DENVER — The hospital is not where you'd willingly find most 16-year-olds, but Sreehitha Sajja is not most 16-year-olds.
"I’ve just loved being able to learn so much," Sajja said.
She is one of the teen leaders at Presbyterian St. Lukes Medical Center. It's a first step of sorts to fulfilling a lifelong dream.
"Science has always been a passion of mine. Ever since I was little, it was just something I knew, I’m gonna be a doctor," Sajja said.
Not even the pandemic could get in the way of that. Sajja was one of the first volunteers back after COVID-19 forced the hospital to suspend its volunteer program for more than a year.
"So no volunteers, no caregivers, that put us in a predicament," said Miranda Ayala, director of the blood cancer unit at Presbyterian St. Lukes. "We become everything to our patients, which we love, but we also need help to do the small tasks, like laundry or stocking. Those are the type of things that go to the wayside if we don’t have enough help."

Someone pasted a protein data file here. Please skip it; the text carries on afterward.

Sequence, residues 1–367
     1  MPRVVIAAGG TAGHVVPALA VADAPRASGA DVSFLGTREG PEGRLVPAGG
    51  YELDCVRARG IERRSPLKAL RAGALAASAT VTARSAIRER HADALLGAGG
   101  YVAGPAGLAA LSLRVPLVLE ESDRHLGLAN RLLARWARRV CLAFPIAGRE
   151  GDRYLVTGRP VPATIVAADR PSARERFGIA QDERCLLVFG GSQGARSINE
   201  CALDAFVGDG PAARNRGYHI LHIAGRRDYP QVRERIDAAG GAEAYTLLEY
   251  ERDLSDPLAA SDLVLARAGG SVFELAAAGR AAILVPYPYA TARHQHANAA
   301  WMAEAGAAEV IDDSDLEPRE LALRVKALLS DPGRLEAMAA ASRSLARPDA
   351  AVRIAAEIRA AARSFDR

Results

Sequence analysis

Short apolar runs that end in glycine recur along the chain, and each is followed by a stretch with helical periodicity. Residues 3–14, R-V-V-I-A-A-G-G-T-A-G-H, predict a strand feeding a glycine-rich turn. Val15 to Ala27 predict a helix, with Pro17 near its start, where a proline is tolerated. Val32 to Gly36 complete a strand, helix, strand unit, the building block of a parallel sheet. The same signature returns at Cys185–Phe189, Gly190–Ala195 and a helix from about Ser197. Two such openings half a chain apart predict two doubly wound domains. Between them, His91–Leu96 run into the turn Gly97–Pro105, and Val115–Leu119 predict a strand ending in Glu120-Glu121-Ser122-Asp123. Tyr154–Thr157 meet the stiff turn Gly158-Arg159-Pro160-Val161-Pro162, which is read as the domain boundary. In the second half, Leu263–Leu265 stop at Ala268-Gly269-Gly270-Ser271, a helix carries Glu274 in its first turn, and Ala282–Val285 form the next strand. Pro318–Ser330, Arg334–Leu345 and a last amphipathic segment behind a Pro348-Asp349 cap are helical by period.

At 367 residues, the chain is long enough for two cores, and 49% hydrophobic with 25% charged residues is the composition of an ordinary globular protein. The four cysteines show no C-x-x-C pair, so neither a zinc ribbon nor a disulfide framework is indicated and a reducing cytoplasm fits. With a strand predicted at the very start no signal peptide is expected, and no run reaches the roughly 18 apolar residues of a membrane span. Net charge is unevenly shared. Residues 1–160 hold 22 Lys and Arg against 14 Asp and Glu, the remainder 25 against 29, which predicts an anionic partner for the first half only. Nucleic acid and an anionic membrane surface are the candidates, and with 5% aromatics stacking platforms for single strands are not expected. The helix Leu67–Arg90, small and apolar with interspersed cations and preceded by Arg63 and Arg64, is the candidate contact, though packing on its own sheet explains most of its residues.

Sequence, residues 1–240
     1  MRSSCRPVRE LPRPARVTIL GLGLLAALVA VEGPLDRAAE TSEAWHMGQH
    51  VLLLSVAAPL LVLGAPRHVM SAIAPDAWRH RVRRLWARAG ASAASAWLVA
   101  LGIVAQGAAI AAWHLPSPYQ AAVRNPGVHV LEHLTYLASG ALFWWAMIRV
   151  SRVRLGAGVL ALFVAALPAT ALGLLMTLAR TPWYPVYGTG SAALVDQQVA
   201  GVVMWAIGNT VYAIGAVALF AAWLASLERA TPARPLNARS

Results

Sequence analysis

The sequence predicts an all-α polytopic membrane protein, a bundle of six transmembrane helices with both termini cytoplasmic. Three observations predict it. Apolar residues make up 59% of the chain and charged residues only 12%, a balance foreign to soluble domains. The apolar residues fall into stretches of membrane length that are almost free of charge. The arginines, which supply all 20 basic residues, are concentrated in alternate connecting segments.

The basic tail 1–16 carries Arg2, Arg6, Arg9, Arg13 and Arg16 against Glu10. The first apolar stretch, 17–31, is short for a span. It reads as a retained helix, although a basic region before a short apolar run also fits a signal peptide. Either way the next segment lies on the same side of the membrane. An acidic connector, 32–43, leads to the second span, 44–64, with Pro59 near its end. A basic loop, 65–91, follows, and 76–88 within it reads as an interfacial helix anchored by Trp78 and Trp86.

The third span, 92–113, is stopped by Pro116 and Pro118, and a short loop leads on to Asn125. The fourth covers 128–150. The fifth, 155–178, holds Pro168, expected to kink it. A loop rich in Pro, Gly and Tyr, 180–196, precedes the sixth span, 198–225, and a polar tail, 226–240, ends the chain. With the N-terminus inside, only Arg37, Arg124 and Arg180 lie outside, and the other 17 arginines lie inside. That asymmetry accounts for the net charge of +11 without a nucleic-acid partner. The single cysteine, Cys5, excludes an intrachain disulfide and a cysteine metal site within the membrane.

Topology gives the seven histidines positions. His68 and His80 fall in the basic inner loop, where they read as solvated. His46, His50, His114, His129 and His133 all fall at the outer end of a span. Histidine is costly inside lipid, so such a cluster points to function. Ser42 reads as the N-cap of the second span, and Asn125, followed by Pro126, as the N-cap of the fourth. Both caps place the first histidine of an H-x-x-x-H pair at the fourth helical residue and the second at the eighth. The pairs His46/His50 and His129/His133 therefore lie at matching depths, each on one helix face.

That's what makes volunteers like Sajja so vital. Not only does she tend to patients, she's also backup to a nursing staff already facing long hours and burnout.
"Even if it’s just the smallest things like stocking, I sometimes make like lab bags, so when they get a new patient or they need to draw blood, they can just grab one and go," Sajja said.
"She has been such a blessing to us. We have had some challenges, and I think her coming in, she has been such a help, and we just adore her and are so appreciative of her," Ayala said.
In just five months, Sajja has donated more than 267 hours of her time to the hospital. She'll tell you this experience has been worth every minute.
"It doesn’t matter what you do, you’ve just gotta love it," she said.
Molly Hendrickson anchors Denver7 in the mornings from 4:30-7 a.m. She also features a different 7Everyday Hero each week on Denver7. Follow Molly on Facebook here and Twitter here. To nominate a hero in your life, click here.